Graffiti of former Cuban leader Fidel Castro in Artemisa, near Havana November 22, 2013.
Image Reuters

A letter addressed to President Barack Obama and signed by 44 former top US officials, businessmen and academics urges Obama to further loosen restrictions against travel and exchange with Cuba in order to open the floodgates of capital and expertise to the island’s small-scale businessmen. “The U.S. is finding itself increasingly isolated internationally in its Cuba policy,” the letter says, adding that even if Congressional action on the issue seems far-fetched, “the Obama administration has an unprecedented opportunity to usher in significant progress using its executive authority at a time when public opinion on Cuba policy has shifted toward greater engagement with the Cuban people while continuing to pressure the Cuban government on human rights.”

The letter comes after a February poll found that a solid majority of Americans support more engagement -- or even normalization -- with Cuba in a host of areas. Support was especially strong in Florida and even more particularly in the south Florida districts where the Cuban population is most concentrated. Meanwhile, the Associated Press reports that Thomas J. Donahue, head of the US Chamber of Commerce, announced he would travel to Cuba for the first time in some 15 years to evaluate how recent growth in independent business sectors there could create opportunities for American corporations. Since 2010, the Cuban government has expanded licenses to small businesses in about 200 fields as it shed workers from government payrolls, resulting in about 400,000 newly legalized entrepreneurs according to the AP.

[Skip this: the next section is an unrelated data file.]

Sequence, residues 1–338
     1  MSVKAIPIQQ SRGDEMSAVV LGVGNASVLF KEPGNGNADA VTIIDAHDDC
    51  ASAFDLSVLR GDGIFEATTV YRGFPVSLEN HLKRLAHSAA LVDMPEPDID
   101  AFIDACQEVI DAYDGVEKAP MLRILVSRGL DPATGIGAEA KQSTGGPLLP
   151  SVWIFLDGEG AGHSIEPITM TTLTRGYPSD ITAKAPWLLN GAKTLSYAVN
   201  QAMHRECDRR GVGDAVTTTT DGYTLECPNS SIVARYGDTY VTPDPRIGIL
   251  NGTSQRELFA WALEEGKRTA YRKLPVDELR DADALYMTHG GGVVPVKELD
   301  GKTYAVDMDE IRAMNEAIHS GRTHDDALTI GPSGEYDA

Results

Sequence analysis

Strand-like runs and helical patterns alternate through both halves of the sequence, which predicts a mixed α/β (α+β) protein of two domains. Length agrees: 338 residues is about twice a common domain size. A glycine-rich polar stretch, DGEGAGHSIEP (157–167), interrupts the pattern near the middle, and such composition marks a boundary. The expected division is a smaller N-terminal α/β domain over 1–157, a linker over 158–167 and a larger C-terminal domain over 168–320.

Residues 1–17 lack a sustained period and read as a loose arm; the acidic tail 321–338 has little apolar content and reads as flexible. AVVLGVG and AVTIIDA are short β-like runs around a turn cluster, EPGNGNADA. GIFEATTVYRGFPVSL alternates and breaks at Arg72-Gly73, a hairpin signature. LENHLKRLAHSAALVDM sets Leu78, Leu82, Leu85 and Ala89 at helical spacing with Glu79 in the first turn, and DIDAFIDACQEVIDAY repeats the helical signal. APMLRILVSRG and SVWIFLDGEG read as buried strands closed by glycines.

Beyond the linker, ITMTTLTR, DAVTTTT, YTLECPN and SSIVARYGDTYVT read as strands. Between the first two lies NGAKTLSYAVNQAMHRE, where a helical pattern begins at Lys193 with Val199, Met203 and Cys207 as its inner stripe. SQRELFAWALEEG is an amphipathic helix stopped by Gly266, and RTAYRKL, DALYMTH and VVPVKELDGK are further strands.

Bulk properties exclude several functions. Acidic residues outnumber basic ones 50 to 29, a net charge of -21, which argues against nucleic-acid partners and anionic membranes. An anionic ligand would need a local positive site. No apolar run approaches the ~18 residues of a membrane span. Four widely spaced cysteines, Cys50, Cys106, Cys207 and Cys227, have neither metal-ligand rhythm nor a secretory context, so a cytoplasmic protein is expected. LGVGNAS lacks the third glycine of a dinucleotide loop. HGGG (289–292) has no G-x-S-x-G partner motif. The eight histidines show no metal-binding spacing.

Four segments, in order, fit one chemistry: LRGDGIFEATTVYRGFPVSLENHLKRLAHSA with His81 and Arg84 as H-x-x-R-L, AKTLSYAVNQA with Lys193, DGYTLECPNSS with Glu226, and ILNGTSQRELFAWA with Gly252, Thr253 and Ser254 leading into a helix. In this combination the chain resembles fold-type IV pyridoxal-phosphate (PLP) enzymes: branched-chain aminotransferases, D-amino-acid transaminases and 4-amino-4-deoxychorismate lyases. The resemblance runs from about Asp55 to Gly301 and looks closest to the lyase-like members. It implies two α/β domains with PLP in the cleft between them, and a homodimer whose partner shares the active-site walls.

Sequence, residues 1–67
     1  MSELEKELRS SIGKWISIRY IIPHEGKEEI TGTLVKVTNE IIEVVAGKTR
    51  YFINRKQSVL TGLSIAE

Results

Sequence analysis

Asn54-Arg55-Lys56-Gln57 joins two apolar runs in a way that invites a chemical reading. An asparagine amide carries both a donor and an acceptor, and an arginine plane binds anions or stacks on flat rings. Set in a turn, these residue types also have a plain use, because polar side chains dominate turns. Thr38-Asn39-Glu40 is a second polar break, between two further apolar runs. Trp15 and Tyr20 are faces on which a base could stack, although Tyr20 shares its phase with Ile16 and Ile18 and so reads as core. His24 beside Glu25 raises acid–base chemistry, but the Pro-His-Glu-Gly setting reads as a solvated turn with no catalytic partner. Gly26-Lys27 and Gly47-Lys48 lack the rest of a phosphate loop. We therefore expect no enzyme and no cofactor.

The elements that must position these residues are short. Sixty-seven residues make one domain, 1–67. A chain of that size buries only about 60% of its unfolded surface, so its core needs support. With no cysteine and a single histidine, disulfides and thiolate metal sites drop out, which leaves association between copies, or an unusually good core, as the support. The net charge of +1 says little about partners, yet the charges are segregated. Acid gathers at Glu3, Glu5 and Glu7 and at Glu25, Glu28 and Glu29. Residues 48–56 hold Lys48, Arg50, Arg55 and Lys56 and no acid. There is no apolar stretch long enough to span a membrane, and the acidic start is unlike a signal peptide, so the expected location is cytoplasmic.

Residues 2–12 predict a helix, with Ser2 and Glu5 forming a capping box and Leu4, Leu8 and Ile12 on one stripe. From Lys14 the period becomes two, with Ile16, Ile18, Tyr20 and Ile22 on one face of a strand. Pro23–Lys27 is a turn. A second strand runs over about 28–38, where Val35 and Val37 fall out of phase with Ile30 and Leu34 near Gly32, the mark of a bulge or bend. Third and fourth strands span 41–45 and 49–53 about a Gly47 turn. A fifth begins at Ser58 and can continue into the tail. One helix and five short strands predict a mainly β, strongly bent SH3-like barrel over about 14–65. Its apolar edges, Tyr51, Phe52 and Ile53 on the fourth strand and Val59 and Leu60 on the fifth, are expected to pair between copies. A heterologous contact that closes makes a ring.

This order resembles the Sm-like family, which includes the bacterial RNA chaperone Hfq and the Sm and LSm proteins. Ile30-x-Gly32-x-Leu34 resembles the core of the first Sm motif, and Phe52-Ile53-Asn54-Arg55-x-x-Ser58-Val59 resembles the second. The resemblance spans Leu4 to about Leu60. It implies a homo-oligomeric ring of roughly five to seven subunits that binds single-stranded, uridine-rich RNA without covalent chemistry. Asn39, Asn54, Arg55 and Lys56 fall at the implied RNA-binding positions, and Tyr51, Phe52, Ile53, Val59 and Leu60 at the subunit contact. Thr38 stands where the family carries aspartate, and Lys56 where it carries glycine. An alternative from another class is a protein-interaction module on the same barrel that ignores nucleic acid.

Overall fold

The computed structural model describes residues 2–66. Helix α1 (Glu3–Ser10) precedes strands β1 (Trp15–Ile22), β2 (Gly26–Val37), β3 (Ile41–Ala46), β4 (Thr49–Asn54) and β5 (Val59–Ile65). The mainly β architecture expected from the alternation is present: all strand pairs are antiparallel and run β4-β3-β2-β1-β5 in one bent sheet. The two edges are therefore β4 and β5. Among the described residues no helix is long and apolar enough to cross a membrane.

The group includes former Director of National Intelligence John Negroponte, two former heads of the U.S. diplomatic mission in Havana, and CEOs from a range of industries in addition to former lawmakers and university professors. Among the recommendations in their letter are expanded licenses for “professional organizations, including those specializing in law, real estate and land titling, financial services and credit, hospitality, and any area defined as supporting independent economic activity.” It also suggests that remittances to non-family members “for the purpose of supporting independent activity in Cuba” be unlimited and that new licenses be created for those who provision professional services to Cuban entrepreneurs. NGOs and academic institutions, it adds, should be permitted to open bank accounts in Cuba, while US visitors should be authorized to get US-issued pre-paid cards and other financial services to expand commerce with independent entrepreneurs.

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